Day 2 of the OpenGovRD workshop started with a session to collect open-ended research questions that the academics in the room can tackle. We reviewed our initial wish-list of what research on Open Government should look like. Some of the keywords people in the room used to describe OG research included: interdisciplinary, rigorous, robust, actionable, fundable and most of all FUN (that was my favorite keyword). I believe fun will be a result of a research agenda that will include researchers from different disciplines, but also includes a constant feedback cycle between academics and practitioners.
I would like to push even further – not just showcasing research findings, but constantly including practitioners into the research process and not only as subjects (i.e., interview partners), but as equal partners who guide the research, evaluate its feasibility and to keep the research grounded and unbiased. The findings need to be actionable right away and not after a 2-3 year publishing cycle in academic journals that are “hiding” the results for exclusive access in University libraries.
Obviously, an OG research agenda needs to be fundable. The group highlighted that there is no digital government program at NSF anymore, so that new funding sources need to be discovered and we probably need to work closely with directorates or programs at NSF to identify the right venues for proposal submissions.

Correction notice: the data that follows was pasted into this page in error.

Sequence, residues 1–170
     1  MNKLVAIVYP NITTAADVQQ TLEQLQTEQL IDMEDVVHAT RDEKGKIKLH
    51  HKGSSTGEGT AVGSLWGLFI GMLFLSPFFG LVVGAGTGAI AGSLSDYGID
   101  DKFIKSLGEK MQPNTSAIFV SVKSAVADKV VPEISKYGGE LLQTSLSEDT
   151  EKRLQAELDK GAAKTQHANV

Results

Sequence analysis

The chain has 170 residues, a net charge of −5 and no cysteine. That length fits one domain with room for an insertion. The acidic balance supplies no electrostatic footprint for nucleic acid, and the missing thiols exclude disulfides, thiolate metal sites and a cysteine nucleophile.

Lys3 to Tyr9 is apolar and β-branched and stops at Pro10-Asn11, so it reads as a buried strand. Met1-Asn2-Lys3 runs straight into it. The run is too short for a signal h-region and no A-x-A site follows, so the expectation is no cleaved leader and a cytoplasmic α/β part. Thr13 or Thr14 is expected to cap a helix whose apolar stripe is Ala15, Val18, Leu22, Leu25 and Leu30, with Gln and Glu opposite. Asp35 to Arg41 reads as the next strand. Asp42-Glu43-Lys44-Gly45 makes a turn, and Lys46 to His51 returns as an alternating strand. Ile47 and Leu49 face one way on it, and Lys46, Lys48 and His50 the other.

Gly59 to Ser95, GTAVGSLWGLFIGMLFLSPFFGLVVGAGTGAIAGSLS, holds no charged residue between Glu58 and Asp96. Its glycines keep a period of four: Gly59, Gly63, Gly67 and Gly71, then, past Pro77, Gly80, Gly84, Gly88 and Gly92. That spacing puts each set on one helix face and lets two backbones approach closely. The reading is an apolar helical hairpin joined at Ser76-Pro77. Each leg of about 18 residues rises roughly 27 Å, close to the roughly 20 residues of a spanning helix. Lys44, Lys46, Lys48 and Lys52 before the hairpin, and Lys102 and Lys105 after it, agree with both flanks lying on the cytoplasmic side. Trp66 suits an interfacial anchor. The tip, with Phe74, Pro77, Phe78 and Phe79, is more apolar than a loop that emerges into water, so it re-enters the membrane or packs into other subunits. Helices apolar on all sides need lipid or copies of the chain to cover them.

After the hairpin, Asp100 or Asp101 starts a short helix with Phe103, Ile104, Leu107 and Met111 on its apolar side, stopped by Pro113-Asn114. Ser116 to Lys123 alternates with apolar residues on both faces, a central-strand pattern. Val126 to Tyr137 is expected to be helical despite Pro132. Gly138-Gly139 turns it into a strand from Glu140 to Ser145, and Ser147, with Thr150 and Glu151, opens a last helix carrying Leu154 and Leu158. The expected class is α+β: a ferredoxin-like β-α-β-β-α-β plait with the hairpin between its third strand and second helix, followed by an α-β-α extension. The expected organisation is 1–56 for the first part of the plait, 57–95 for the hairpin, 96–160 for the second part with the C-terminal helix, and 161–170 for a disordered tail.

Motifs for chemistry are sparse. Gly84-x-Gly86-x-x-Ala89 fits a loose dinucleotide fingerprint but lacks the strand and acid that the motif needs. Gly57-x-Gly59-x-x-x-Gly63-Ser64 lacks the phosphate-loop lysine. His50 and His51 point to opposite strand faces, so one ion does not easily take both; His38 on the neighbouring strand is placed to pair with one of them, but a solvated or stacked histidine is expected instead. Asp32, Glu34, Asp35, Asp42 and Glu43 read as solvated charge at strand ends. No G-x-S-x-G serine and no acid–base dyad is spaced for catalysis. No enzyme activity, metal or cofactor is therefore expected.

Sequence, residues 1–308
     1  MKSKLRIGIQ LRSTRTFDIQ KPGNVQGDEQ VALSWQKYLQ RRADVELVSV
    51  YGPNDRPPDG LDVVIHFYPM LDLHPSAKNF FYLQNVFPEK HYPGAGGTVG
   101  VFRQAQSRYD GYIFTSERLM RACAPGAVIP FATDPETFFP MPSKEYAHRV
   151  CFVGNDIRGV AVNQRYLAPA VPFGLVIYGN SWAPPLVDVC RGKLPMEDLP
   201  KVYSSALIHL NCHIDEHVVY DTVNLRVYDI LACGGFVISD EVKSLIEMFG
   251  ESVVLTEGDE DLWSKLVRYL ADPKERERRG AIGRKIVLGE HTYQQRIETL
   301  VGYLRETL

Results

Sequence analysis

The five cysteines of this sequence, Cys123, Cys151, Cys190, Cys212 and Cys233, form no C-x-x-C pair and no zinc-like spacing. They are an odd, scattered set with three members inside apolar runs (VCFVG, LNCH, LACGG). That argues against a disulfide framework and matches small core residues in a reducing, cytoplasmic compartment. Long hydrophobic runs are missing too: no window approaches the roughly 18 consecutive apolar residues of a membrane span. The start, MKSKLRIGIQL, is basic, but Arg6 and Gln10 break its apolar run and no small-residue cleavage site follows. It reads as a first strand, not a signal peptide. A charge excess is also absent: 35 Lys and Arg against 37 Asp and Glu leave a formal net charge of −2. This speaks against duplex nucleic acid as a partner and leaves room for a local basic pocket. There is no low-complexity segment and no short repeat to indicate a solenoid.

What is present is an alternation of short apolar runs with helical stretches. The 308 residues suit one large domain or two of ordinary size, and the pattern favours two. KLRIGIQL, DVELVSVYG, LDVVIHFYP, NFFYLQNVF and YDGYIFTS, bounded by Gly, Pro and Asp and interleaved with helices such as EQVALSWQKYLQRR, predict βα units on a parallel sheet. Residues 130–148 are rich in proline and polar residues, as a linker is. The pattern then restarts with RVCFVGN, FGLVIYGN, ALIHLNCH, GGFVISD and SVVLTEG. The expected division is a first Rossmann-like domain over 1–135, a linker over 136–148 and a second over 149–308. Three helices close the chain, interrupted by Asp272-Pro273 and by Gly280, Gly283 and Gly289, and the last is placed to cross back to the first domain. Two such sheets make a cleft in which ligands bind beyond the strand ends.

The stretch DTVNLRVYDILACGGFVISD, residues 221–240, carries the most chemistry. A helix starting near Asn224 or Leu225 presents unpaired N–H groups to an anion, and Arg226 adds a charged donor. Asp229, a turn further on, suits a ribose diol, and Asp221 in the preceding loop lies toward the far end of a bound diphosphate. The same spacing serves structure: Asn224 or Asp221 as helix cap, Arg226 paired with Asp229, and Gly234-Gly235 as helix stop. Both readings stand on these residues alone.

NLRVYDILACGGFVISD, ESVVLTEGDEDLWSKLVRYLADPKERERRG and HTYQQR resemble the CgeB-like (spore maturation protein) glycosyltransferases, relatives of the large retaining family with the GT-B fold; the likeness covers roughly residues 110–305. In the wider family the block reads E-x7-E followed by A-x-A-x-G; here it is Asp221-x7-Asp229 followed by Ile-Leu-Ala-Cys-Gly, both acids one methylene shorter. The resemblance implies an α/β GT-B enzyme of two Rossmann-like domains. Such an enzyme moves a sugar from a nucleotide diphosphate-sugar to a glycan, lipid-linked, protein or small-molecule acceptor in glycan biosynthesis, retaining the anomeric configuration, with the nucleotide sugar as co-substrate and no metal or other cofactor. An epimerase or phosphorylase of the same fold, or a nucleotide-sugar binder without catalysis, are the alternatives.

The practitioners and academics in the room mentioned one gap over and over again: We don’t know what we know! There are several platforms out there that are collecting, harvesting and displaying some of the research and reports that are available on specific subtopics, but there is not one place that helps to compile everything we already know. I suggested to create an “Open Public Administration Commons“. This place can serve as a networking platform that provides the opportunity to connect to ongoing research projects, give direct feedback not only to the final results, but on an ongoing basis while the discovery is happening, to test ideas in early stages, but foremost to provide a channel that helps to push findings directly to government so that public managers can act on the findings and find a guide on how to tackle current and urgent problems. Many agencies face similar or at least comparable problems and while it is helpful to understand that there are best practices cases out there, it is much more important to actually make the social connections between government officials to share insights on the day-to-day “How To” questions that are coming up while people are trying to solve problems. I would like to take the platform idea a step further and make this platform a place for those of us who are teaching OG-related topics to find up-to-date case studies that can be used in classrooms. We can educate cohorts of MPA or IS students that already know about the newest developments when they enter their first jobs.
Together with my co-authors, I have written about the idea of an “Open Public Administration Commons” in a recently published article in the Journal of Public Administration Research and Theory: “Towards Open Public Administration Scholarship” (email me if you want to read a copy of this article).
Schweik, C., Mergel, I., Sanford, J., Zhao, J. (2011): Toward Open Public Administration Scholarship, in: Journal of Public Administration Research and Theory (J-PART), Minnowbrook III: A Special Issue, Special Issue Editors: Beth Gazley and David M. Van Slyke, Vol. 21, Supplement 1, January 2011, pp.i175-198.
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